Juneau Senator Dennis Egan’s bill giving public employees a choice of retirement systems cleared the Senate Finance Committee today (Friday).
During the Murkowski administration the legislature did away with the state’s defined benefit program – also known as a traditional pension – for all new hires since July 2006. Instead, the state’s Public Employee Retirement System went to a defined contribution plan, or a 401(k)-style retirement account.
Senate Bill 121 would allow public employees to opt for either program. The Finance Committee moved the bill this morning. Egan and Senators Joe Thomas of Fairbanks and Lesil McGuire of Anchorage recommended the full Senate pass the bill. Co-chair Lyman Hoffman had no recommendation and the other co-chair Bert Stedman recommended the bill be amended.
Unions and groups representing retired people say the current PERS system has hurt public employee retention, and forces workers to assume all the financial risk for retirement planning.
The Parnell administration opposes the bill, claiming that any defined benefit program would expose the state to too much risk.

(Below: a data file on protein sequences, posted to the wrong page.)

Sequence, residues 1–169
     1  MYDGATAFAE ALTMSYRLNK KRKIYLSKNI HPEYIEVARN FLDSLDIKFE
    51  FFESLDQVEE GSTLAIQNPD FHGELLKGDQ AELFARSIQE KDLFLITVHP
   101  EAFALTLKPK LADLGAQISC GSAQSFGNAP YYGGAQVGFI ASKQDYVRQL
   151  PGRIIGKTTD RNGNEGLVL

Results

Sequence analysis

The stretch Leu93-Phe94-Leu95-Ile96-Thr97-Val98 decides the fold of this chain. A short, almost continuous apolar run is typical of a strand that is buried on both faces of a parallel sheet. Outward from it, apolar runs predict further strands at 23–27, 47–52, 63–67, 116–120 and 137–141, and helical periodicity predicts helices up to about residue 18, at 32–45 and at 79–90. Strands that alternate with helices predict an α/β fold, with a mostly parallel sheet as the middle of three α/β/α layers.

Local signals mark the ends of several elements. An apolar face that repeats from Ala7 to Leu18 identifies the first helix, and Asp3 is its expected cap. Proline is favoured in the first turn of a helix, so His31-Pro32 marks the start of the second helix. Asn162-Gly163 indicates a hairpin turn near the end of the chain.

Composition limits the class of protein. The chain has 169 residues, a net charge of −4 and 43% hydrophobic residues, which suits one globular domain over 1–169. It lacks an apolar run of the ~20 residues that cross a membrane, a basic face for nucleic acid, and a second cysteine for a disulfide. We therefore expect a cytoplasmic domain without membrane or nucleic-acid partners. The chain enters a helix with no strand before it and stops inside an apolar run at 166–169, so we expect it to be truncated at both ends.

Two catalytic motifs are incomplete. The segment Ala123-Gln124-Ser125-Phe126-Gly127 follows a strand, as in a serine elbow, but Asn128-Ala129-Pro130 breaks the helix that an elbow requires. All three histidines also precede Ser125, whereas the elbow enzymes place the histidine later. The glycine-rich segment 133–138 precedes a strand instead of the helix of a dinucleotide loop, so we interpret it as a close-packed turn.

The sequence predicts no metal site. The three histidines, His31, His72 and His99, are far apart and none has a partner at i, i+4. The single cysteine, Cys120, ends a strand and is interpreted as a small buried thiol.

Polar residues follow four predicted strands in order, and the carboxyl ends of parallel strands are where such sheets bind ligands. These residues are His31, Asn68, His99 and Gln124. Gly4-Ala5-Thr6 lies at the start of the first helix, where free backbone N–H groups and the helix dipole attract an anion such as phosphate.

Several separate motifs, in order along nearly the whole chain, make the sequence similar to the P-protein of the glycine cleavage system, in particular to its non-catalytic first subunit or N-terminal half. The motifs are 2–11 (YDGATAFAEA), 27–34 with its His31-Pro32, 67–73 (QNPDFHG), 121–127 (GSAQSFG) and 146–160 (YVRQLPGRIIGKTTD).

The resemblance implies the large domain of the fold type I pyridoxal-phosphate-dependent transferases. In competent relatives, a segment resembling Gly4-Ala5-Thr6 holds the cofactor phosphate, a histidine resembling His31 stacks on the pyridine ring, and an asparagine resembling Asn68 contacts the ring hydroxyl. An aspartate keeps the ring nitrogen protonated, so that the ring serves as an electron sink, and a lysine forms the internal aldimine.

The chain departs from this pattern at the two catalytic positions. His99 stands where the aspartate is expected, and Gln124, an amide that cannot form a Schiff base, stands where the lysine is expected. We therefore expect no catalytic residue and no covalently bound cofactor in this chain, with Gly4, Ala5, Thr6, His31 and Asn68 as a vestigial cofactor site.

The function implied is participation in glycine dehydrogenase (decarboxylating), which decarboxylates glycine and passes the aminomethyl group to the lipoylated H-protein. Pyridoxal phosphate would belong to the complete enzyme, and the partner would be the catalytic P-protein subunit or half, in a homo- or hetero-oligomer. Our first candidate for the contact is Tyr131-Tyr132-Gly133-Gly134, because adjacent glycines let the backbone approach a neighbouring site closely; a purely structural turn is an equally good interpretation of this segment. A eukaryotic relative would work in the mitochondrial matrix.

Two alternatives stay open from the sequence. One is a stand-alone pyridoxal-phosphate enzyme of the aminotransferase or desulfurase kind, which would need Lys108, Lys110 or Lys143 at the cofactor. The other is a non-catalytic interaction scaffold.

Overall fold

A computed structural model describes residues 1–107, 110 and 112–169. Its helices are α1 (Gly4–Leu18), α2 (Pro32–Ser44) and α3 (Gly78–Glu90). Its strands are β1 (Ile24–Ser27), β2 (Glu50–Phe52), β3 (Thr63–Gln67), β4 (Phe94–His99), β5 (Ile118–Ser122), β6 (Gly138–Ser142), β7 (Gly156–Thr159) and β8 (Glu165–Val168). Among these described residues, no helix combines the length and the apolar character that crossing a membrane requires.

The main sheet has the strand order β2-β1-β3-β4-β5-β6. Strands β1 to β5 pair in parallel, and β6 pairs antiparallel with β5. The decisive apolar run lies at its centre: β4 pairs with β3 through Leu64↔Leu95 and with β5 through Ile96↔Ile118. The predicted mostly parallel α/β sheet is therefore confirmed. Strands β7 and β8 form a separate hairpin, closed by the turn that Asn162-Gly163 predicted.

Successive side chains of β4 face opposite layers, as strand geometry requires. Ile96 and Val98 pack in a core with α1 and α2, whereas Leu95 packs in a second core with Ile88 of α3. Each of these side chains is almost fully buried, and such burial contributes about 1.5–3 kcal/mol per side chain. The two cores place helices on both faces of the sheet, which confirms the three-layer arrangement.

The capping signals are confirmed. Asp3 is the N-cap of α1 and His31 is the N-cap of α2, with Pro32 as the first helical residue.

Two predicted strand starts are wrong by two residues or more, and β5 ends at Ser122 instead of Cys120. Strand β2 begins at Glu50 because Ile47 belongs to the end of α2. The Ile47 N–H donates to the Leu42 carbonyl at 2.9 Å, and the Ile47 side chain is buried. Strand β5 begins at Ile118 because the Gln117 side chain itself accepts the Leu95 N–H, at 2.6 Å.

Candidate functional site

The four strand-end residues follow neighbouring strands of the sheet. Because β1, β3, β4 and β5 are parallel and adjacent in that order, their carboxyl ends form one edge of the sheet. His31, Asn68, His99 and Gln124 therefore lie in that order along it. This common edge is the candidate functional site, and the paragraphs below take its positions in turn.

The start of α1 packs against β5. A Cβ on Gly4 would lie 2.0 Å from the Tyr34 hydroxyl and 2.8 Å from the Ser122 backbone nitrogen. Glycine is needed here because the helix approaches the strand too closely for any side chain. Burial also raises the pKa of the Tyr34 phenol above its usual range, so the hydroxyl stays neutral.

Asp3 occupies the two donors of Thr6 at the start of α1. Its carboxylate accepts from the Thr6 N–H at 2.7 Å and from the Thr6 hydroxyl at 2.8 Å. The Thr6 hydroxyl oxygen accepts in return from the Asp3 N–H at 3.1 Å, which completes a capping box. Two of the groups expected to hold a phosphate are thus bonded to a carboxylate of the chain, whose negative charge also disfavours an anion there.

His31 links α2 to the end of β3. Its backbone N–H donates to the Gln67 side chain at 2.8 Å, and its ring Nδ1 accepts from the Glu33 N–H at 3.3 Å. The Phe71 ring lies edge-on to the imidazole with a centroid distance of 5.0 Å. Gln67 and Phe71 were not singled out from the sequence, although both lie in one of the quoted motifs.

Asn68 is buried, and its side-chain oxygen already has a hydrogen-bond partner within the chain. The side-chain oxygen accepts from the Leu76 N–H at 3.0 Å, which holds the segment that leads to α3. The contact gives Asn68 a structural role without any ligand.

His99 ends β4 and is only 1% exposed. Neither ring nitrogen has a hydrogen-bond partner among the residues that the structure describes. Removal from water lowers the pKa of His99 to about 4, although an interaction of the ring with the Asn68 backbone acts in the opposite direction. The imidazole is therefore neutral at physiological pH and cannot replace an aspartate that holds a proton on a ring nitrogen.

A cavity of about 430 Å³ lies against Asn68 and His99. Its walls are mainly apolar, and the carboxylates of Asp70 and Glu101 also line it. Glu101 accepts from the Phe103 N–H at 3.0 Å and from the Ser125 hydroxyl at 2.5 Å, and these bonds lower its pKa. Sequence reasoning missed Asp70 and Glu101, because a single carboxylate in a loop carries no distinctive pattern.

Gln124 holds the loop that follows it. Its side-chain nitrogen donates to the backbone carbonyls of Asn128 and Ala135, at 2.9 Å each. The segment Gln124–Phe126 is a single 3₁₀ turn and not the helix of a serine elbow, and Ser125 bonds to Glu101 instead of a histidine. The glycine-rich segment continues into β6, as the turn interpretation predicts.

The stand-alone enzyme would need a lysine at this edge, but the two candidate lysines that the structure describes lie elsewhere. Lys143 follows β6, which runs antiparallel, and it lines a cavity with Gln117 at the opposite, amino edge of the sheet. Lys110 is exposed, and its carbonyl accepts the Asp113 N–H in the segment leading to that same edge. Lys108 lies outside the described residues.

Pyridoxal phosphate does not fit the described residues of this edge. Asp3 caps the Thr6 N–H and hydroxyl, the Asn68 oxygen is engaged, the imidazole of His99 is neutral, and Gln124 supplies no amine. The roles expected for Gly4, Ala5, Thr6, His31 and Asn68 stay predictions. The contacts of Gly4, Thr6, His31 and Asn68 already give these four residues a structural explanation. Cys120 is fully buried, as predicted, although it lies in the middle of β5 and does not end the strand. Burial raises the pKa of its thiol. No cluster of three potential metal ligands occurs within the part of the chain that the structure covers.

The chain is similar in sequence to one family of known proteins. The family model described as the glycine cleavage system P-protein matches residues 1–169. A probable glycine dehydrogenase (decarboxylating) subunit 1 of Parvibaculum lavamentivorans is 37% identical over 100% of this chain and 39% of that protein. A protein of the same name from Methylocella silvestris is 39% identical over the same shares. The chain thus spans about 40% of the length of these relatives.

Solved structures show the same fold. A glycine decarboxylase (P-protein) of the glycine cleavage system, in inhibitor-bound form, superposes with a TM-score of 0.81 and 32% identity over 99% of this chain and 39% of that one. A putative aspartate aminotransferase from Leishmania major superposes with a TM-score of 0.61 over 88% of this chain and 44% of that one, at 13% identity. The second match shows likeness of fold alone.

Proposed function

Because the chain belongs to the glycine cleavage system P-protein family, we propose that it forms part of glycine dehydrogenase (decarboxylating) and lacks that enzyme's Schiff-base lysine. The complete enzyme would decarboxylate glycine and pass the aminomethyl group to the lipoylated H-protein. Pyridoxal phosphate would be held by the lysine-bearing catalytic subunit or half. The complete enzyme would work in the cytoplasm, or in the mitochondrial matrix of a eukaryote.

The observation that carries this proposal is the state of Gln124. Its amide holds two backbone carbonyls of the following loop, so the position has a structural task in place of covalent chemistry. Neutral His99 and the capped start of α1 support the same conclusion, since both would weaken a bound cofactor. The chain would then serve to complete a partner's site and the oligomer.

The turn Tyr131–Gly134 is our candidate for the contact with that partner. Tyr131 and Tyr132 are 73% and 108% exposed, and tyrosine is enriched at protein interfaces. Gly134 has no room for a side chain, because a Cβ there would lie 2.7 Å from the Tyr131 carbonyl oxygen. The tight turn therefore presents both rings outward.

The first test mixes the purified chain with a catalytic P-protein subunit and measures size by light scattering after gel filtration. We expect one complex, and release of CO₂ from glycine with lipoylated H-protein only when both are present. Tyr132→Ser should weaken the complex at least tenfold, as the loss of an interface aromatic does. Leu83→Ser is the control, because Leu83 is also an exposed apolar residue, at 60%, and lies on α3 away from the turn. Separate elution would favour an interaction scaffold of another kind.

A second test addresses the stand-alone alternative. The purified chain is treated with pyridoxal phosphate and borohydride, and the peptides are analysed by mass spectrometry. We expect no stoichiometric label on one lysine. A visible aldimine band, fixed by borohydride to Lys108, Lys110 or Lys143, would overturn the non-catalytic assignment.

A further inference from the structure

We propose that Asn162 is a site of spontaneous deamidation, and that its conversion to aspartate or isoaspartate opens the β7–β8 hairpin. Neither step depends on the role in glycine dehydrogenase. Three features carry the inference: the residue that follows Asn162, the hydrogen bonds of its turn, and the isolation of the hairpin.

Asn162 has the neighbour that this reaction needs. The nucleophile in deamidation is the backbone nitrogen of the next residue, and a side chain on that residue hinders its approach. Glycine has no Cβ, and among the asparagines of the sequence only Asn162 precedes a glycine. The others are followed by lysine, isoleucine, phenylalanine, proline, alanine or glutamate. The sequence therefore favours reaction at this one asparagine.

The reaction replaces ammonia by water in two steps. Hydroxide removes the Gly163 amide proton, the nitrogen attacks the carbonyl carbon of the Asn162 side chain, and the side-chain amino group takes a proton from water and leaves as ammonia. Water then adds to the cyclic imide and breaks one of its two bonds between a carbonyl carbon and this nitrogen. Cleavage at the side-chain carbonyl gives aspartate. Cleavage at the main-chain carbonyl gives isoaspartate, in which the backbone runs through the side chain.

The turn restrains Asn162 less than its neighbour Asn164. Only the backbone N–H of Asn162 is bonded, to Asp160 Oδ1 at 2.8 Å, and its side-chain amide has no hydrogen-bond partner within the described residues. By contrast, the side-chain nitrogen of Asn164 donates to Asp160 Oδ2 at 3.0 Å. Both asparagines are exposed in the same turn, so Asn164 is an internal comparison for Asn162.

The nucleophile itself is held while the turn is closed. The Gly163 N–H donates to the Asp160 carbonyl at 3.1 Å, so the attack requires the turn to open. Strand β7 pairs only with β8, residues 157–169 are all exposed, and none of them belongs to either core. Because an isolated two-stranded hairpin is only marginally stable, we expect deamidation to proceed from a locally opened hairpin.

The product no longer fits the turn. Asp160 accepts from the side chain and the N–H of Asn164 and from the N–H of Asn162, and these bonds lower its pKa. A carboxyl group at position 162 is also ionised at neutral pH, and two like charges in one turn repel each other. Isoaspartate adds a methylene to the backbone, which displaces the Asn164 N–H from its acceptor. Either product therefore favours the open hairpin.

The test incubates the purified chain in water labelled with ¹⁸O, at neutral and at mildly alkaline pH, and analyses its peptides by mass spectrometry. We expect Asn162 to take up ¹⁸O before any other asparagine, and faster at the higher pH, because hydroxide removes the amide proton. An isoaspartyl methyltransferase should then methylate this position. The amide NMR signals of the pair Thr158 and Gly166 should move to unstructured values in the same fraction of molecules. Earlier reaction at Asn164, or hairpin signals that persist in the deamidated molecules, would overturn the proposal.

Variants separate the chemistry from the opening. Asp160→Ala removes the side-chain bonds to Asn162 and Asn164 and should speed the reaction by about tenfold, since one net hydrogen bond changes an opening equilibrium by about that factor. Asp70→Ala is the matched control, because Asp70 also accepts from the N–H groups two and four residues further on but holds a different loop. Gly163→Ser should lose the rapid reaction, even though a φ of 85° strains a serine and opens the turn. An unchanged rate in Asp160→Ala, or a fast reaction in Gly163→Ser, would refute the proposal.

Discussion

Egan has said the goal was to make the bill cost-neutral.
If SB121 passes the Senate, it would still have to get through the House. The Legislature is scheduled to adjourn on Sunday.
- Last week a group of scientists traveled to a small village in the Arctic to find as many different species as they could. It was happening all over the country in celebration of the 100th anniversary of the National Park Service.
- Newtok residents still waiting for federal government to pay for their village relocation.
- Hillary Clinton could lose California's primary on June 7 and still win the Democratic nomination, but she and Bernie Sanders are campaigning hard there, hoping to close out the season on a high note.